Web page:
This is not in the same category as top-up fees, of course. His unelected tormentors cannot inflict the same kind of damage as the Commons itself. But it's possible that the House of Lords will add to the agony by passing an amendment calling for a referendum. Indeed the chances of it not doing so depend on the scale of a likely split among the pivotal Liberal Democrat peers, who will be theoretically bound by the party's policy in favour of a referendum, but a section of whom are ardent pro-Europeans who followed the late Lord Jenkins of Hillhead into the Social Democratic Party. Even if the Lords don't finally back it, the relentless demand for a referendum from papers such as The Sun cannot fail to take its toll in the long run-up to a general election.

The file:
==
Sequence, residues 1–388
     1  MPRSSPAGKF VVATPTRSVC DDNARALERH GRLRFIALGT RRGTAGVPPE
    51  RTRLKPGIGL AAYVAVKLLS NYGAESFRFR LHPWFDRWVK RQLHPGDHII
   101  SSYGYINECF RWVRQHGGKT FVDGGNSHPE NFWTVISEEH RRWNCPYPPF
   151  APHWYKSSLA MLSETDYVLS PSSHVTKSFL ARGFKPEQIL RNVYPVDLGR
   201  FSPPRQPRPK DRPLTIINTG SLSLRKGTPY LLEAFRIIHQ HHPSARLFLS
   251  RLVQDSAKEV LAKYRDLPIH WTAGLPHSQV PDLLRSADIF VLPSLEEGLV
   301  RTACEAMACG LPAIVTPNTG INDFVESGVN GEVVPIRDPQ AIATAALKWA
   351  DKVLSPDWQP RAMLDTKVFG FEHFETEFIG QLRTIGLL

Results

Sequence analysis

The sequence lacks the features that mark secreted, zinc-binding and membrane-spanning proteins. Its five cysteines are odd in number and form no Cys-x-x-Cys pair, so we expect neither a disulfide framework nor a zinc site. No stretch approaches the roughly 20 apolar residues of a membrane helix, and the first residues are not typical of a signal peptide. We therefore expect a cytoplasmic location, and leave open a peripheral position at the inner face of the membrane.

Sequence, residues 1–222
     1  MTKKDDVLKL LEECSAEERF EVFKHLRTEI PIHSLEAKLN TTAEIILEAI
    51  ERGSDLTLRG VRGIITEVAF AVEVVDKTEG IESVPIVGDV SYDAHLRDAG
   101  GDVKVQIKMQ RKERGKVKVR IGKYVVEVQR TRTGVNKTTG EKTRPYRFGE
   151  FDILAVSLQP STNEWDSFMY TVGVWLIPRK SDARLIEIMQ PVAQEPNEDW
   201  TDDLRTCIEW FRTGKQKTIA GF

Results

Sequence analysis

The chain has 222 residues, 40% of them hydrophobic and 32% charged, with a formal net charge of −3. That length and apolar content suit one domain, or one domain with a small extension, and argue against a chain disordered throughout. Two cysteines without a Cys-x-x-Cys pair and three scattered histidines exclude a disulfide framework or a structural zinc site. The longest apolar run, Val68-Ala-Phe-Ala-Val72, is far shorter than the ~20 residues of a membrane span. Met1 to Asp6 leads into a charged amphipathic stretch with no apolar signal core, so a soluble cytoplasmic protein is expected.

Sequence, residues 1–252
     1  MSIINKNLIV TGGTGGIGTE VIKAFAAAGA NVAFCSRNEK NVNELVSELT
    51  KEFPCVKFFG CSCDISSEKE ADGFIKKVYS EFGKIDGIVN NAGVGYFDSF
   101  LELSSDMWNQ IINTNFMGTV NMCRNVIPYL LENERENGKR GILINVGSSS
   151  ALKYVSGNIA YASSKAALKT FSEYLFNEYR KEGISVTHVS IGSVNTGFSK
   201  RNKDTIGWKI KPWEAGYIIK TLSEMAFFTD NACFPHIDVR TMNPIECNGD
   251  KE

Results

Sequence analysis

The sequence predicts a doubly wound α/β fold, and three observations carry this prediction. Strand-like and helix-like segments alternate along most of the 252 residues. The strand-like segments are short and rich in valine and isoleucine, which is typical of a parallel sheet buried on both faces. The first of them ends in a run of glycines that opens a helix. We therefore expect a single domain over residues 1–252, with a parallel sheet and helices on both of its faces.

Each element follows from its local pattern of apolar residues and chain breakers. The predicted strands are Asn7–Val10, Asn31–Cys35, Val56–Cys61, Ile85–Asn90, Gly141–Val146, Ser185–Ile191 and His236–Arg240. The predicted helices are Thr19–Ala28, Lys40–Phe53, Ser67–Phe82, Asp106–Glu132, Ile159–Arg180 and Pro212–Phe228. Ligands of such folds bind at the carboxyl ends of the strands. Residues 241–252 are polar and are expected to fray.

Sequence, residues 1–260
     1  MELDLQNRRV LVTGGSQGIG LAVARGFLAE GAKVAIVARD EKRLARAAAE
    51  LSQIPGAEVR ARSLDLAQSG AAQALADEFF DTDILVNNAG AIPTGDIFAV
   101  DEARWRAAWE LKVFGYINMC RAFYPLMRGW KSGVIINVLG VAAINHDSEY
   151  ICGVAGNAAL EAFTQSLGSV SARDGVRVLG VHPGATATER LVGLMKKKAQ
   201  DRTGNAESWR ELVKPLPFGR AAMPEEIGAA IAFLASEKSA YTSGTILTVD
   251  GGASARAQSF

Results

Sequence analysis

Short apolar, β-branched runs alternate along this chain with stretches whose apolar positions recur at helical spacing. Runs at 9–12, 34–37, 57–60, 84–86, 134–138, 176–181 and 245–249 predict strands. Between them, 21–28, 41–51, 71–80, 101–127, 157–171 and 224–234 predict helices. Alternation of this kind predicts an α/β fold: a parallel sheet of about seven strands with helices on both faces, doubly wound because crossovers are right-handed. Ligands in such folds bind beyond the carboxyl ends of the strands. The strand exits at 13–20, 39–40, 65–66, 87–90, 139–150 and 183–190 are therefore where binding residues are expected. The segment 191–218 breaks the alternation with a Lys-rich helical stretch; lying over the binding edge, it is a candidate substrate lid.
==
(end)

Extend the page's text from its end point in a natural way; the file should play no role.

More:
The Fabian paper published yesterday by Gisela Stuart, the former Labour minister who sat on the convention under Valery Giscard D'Estaing which produced the draft treaty, can hardly fail to fuel that demand, as The Sun was quick to see, treating the paper's doubts and fruity criticisms of the undoubtedly elitist drafting process to a full two-page spread. Ms Stuart underpinned her emphatic assertion that the British Government did not have to accept the treaty with an ominous warning in a newspaper article that the real reason for having a constitution was "a political deepening of the union".
While Ms Stuart balanced her criticisms with a proclamation that she needed no convincing that Europe "has been a force for good" and support for the "red lines" set by the Government in its negotiations, there was plenty in her paper for the Conservatives and their cheerleaders to seize on in the arguments ahead.